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Woman who smelled Parkinson’s on husband helped scientists develop early detection test



  • Twelve years after Joy Milne detected a sudden change in her husband’s odor, he became diagnosed with Parkinson’s disease.
  • The couple reached out to researchers to find out if there was a connection.
  • A research team has since developed a simple swab test that can detect Parkinson’s even before its symptoms manifest.

A woman whose sensitive nose sensed changes in body odor helped scientists develop a test for Parkinson’s disease.

Joy Milne from Scotland has known herself to have a supersensitive sense of smell. Over 40 years ago, she sensed that her husband Les, who was 33 years old at the time, had a sudden change in his natural odor. When Les was diagnosed with Parkinson’s disease in an already progressive state 12 years later, Joy wondered if the disease was the cause of the odor change.

Les, who was also a doctor, made inquiries about a possible connection in 2012. They met with a professor at the University of Edinburgh who formed a team to test Joy’s sense of smell.

The team worked on the theory that Parkinson’s damaged the skin oil known as sebum. Joy smelled the shirts of those diagnosed with Parkinson’s and those who weren’t. She correctly identified the shirts of Parkinson’s patients. Her one “incorrect” guess was when she smelled a shirt of a participant who wasn’t diagnosed with Parkinson’s yet — until 8 months later when they received a formal diagnosis.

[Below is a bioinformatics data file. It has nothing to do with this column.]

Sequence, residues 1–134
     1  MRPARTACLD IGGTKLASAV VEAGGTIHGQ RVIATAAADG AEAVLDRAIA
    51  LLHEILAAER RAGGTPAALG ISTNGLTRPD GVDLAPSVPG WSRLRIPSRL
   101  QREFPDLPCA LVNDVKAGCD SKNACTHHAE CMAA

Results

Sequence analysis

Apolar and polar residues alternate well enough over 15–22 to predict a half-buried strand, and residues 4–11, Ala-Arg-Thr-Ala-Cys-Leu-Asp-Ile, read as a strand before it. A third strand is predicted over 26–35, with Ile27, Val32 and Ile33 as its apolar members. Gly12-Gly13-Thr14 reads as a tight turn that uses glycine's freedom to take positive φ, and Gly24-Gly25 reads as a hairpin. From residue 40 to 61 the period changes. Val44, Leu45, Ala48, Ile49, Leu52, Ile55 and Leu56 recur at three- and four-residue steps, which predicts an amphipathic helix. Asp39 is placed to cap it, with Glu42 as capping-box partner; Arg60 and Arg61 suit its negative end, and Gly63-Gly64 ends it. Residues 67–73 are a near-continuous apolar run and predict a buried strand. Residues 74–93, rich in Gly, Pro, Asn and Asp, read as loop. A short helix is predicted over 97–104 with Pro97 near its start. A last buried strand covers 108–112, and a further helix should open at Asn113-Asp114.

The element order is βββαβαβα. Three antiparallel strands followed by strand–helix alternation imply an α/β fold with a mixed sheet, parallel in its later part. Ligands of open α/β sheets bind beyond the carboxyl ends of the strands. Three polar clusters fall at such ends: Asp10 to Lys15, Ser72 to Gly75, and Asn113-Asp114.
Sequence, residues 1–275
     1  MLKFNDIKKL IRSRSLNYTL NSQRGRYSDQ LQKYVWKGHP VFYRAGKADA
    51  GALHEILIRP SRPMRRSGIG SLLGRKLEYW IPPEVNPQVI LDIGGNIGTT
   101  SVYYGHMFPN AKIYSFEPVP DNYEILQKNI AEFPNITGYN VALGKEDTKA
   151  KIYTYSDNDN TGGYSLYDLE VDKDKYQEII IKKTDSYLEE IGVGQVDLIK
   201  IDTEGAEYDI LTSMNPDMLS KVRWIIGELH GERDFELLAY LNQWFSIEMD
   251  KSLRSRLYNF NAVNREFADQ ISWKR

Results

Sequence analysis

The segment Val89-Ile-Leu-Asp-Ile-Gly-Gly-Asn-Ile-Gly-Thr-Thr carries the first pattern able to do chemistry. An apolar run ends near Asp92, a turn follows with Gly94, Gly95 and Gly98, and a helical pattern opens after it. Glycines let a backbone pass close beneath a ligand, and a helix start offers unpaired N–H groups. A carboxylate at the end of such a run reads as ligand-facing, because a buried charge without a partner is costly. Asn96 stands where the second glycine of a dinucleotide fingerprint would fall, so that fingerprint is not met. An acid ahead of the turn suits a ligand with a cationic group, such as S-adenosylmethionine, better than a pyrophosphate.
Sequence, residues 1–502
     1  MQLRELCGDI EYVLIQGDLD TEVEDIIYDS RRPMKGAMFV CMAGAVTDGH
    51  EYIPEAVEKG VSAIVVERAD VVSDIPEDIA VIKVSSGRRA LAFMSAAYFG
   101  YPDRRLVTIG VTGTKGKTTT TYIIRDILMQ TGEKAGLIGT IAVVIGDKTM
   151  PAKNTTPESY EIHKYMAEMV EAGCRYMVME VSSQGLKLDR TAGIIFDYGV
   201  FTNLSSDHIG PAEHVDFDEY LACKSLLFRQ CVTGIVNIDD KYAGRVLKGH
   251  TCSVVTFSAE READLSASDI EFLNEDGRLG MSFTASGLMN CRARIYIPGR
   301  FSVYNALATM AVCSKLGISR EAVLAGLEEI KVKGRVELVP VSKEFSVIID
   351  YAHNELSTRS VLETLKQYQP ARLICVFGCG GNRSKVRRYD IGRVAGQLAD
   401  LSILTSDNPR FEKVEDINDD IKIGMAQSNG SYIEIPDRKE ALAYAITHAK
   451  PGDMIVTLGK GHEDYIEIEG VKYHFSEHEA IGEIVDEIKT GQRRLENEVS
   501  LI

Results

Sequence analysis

Thanks to Joy’s sense of smell, a fast test for Parkinson’s has been developed. The test only involves scraping a cotton ball over the back of the neck.

The importance of early diagnosis

Parkinson’s is a disease that causes a progressive decline in parts of the brain linked to motor function.

There are currently no known cures for Parkinson’s, but it can be detected long before any symptoms manifest. And like most progressive diseases, early detection can help significantly.

“A confirmatory diagnostic would allow them to get the right treatment and get the drugs that will help to alleviate their symptoms,” said Perdita Barran, a professor at the University of Manchester.

In 2019, Barran and her team announced that they have identified molecules linked to the disease found in skin swabs used in a new potential test. When the molecules of sebum are studied via mass-spectrometry, it can show a positive result for Parkinson’s, which could then refer the patient to a neurologist for a more in-depth test.

They are now determining if hospital laboratories can replicate what they’ve done in a research lab.

Joy reiterated the importance of an early diagnosis. She told The Guardian, “The same as cancer and diabetes, earlier diagnosis means far more efficient treatment and a better lifestyle for people.”

An early diagnosis can also prompt patients to adopt a healthier lifestyle, and it has been proven time and time again that regular exercise and a healthier diet can make all the difference.


Source: Good News Network

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